Our Terms of Service and Privacy Policy have changed.

By continuing to use this site, you are agreeing to the new Privacy Policy and Terms of Service.

2008 outlook: Spending

The big question: Will oil prices continue their surge in 2008 and wreak havoc with your budget? The answer, fortunately, is, not likely.

By Donna Rosato, Money Magazine senior writer

(NEW YORK) Money Magazine -- Although the cost of a barrel of crude jumped more than 40 percent this year to over $90 in October, the spike was driven more by jitters about unrest in the Middle East and forecasts of strong demand than by a drop in supply.

As a result, most oil watchers expect the price of crude to recede from its recent level of about $93 a barrel to an average of about $80 in 2008.

Make money in 2008:
The entire outlook

That's still up noticeably from a year ago, though, so when you combine next year's higher price with a colder weather forecast, you can expect to pay at least 10% more to heat your home this winter than in 2007 - and possibly a lot more.

Meanwhile, analysts forecast that you'll also face slightly higher prices at the pump - about $2.83 a gallon on average in 2008 (and $3.05 in the peak summer driving season) vs. $2.75 this year. Still, that's an improvement from the $3.15 a gallon you were shelling out in May, when prices topped out.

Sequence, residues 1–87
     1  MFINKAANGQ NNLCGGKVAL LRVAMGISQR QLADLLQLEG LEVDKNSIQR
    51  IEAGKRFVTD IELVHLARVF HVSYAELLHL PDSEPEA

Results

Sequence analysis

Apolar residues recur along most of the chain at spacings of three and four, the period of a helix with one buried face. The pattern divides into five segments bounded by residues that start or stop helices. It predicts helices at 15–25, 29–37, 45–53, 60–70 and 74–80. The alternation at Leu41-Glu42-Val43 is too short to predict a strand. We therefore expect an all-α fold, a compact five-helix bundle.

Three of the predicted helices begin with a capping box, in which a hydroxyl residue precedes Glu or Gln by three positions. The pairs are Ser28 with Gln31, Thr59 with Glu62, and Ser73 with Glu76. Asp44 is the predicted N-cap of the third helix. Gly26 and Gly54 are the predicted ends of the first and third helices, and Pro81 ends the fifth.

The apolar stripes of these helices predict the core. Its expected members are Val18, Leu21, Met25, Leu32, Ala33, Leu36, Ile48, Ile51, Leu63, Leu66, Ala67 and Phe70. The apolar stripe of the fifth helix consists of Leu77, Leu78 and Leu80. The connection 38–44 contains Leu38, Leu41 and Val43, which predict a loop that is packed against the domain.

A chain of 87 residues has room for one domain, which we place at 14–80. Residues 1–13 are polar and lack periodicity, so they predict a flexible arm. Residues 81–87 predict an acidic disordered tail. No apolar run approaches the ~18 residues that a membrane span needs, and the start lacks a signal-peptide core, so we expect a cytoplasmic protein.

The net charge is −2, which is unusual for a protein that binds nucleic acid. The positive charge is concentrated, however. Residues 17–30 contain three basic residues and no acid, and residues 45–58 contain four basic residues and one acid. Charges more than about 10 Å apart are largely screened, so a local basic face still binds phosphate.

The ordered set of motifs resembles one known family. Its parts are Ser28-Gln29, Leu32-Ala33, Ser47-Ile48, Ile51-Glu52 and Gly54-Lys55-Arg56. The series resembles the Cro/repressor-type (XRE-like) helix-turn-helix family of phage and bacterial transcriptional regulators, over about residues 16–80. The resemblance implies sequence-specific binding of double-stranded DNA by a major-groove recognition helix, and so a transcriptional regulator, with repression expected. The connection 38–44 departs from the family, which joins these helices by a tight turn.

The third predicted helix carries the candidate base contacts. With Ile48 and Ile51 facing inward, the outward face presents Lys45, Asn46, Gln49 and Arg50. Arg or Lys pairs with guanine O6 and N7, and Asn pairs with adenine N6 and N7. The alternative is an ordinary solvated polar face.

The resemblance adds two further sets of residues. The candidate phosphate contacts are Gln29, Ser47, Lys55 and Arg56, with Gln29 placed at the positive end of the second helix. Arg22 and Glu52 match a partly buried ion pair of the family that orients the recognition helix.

In addition, you'll find that the weak dollar has made everything from Italian leather handbags to a ski vacation in the Canadian Rockies more expensive.

But for travelers, there are still many places in the world where the dollar goes a long way. Among them: Latin America, Eastern Europe and many parts of Asia.

There's also good news if you're a gadget junkie, as competition among manufacturers leads to sharply lower prices on all sorts of consumer electronics, from flat-screen televisions to laptop computers and digital cameras.

The wild card: A crisis in the Middle East - for instance, a major confrontation with Iran - could cause a serious disruption in the supply of oil. So could a natural disaster that shuts down refineries as hurricanes did two years ago.

If that happens, crude prices could zoom past $90 again and stay there, eventually pushing gas prices well over $3 a gallon. Top of page